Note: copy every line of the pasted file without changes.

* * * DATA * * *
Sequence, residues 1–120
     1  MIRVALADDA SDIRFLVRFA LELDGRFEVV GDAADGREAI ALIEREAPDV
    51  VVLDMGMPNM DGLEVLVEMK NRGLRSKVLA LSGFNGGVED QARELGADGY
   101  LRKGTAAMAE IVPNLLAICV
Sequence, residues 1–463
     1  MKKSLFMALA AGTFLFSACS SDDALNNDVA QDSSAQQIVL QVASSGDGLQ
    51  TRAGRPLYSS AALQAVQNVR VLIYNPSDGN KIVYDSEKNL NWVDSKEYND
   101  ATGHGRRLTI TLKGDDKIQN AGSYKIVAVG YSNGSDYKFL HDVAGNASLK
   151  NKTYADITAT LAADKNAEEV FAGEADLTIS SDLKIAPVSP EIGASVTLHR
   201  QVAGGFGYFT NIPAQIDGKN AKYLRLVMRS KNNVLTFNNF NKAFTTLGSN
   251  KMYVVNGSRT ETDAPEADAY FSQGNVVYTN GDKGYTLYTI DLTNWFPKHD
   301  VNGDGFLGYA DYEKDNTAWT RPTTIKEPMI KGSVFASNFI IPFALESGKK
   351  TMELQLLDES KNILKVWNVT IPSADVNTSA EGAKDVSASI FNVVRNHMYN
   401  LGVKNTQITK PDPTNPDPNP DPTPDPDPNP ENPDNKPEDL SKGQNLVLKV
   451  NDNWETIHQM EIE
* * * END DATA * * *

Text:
Sequence, residues 1–120
     1  MIRVALADDA SDIRFLVRFA LELDGRFEVV GDAADGREAI ALIEREAPDV
    51  VVLDMGMPNM DGLEVLVEMK NRGLRSKVLA LSGFNGGVED QARELGADGY
   101  LRKGTAAMAE IVPNLLAICV
Sequence, residues 1–463
     1  MKKSLFMALA AGTFLFSACS SDDALNNDVA QDSSAQQIVL QVASSGDGLQ
    51  TRAGRPLYSS AALQAVQNVR VLIYNPSDGN KIVYDSEKNL NWVDSKEYND
   101  ATGHGRRLTI TLKGDDKIQN AGSYKIVAVG YSNGSDYKFL HDVAGNASLK
   151  NKTYADITAT LAADKNAEEV FAGEADLTIS SDLKIAPVSP EIGASVTLHR
   201  QVAGGFGYFT NIPAQIDGKN AKYLRLVMRS KNNVLTFNNF NKAFTTLGSN
   251  KMYVVNGSRT ETDAPEADAY FSQGNVVYTN GDKGYTLYTI DLTNWFPKHD
   301  VNGDGFLGYA DYEKDNTAWT RPTTIKEPMI KGSVFASNFI IPFALESGKK
   351  TMELQLLDES KNILKVWNVT IPSADVNTSA EGAKDVSASI FNVVRNHMYN
   401  LGVKNTQITK PDPTNPDPNP DPTPDPDPNP ENPDNKPEDL SKGQNLVLKV
   451  NDNWETIHQM EIE